The employees needed to improve their visibility on stocks. Until now, they had had to use a PC in an office to enter incoming and outgoing stock into the ERP system,” says the CIO. “We wanted to digitize this process completely, so that the warehouse managers could perform these operations directly on site, simply by scanning barcodes.

Alexandre Gultzgoff


To meet these two needs, it was necessary to equip operators with suitable mobile terminals on the one hand, and to provide them with the necessary mobile applications on the other. The choice of terminals had to meet several criteria: they had to be large enough to provide comfortable on-screen reading, while still being easy to handle by people wearing protective gloves. The terminals also had to be resistant to falls, with a hardened shell, and not emit ionizing radiation in order to comply with ATEX standards. Finally, they had to be able to easily connect to different networks, but also to be able to operate in disconnected mode. “We opted for Ascom and Zebra terminals,” says Gultzgoff.

Industrializing mobility

At the application level, Seqens chose to work with HRC Software, both for the knowledge the company had of the chemical industry and for its very model. “Thanks to their position as a software publisher, we can have off-the-shelf solutions, which is important when you need to move fast,” says Alexandre Gultzgoff. However, in the first case of use, the needs were quite specific. Around the HRC Software platform, Seqens therefore co-developed a mobile application adapted with the publisher, a work that was spread over a little less than a year. On the other hand, in the second case, HRC Software had a ready-to-use application, which the manufacturer was able to deploy in a few weeks, the time it took to configure and train the employees. Both applications, whose interface is based on SAP Fiori, connect to the ERP via the Neptune Software platform.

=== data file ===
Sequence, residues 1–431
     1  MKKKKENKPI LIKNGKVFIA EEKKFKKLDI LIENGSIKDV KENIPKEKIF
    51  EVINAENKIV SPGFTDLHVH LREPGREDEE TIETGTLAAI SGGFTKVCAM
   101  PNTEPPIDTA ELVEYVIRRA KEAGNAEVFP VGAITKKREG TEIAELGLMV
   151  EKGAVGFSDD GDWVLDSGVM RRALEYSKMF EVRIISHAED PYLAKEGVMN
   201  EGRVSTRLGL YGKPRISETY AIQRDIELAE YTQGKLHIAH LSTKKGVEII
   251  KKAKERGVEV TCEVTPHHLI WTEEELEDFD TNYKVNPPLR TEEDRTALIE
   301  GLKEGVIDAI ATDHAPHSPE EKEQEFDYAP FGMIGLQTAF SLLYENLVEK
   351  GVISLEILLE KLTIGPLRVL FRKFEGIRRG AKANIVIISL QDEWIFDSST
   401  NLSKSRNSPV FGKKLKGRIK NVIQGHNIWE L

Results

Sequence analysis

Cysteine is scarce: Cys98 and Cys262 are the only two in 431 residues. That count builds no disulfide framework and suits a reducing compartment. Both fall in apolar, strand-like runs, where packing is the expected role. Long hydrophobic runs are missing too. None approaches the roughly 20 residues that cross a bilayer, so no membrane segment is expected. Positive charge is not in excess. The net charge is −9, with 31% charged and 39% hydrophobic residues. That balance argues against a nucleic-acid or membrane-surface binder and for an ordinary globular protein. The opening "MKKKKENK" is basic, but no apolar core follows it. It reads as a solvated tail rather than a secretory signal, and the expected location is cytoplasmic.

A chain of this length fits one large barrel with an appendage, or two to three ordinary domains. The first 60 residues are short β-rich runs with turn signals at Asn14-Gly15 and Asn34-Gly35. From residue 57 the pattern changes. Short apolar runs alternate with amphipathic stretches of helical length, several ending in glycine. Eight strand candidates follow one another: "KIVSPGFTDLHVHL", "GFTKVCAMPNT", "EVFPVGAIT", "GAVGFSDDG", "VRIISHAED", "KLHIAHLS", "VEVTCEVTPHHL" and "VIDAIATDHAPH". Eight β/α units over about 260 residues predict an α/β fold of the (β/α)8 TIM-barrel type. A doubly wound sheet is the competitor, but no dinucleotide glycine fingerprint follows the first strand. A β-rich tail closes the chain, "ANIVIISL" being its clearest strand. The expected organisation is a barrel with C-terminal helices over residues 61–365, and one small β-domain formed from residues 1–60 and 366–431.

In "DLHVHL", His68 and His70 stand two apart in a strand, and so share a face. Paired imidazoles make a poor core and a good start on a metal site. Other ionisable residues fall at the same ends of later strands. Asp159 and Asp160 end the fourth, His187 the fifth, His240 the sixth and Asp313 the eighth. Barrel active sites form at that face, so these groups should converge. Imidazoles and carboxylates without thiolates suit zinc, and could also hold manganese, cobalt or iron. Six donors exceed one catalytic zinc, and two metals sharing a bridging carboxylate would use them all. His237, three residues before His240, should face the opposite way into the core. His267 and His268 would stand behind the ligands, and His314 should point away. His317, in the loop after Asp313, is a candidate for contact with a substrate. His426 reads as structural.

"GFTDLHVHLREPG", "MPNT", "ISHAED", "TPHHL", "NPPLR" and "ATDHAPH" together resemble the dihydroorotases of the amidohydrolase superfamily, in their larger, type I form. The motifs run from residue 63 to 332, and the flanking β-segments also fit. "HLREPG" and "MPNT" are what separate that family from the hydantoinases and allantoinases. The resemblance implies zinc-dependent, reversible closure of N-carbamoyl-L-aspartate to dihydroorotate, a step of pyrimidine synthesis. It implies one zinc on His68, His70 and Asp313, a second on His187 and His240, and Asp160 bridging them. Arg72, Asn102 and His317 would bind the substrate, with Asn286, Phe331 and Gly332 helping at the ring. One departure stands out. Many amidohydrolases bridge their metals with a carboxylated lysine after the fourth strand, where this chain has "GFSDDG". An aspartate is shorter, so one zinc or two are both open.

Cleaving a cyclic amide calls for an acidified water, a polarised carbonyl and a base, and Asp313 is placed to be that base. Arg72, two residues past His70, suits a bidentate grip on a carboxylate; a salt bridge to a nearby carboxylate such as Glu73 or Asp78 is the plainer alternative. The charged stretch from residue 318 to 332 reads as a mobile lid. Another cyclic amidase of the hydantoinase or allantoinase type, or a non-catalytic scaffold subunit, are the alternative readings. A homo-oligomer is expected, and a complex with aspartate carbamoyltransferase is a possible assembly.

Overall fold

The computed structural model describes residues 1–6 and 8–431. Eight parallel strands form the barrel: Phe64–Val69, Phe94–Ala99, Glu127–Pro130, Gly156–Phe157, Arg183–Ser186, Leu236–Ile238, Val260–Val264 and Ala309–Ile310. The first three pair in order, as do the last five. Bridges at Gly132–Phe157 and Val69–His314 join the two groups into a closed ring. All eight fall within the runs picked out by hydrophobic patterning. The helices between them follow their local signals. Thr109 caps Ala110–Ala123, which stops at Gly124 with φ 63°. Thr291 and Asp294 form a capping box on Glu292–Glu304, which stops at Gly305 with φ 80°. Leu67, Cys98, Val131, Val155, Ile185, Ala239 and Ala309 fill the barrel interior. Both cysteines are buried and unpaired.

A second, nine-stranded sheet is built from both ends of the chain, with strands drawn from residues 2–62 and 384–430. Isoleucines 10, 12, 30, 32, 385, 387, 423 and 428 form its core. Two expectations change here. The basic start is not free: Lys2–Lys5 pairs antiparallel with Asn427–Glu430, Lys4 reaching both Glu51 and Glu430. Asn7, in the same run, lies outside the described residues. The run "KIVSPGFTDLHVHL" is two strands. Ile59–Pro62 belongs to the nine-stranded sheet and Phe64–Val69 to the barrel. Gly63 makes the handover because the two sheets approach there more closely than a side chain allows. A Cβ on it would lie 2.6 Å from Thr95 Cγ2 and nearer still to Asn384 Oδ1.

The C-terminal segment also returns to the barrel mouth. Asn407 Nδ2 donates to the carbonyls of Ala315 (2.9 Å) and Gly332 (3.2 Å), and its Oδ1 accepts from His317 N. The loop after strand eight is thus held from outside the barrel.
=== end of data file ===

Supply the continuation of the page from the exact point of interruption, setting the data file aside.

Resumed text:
Today, both use cases are in production at the two sites concerned, and more sites are planned.

We don’t impose solutions, it’s the most advanced sites on a subject that show the benefits to others, and the deployments are on a voluntary basis

Alexandre Gultzgoff


The group also plans to extend the HRC Software platform to connect it to another ERP system within the group. For Alexandre Gultzgoff, one of the lessons learned from the first deployments is not to underestimate the effort involved. “It’s difficult when you start a project like this to grasp all the implications of industrializing mobility: you have to choose the right terminals, make sure that the network is present on the sites concerned, plan for offline mode, or even think about enrolling the devices in our mobile fleet manager, for security and deployment aspects,” he explains. “These projects are much more complex than we think, and they involve all the IT teams: digital Workplace, infrastructures, ERP… This breaks down the silos, including within the IT department,” he observes.

Article written by Aurélie Chandeze, Associate Editor for CIO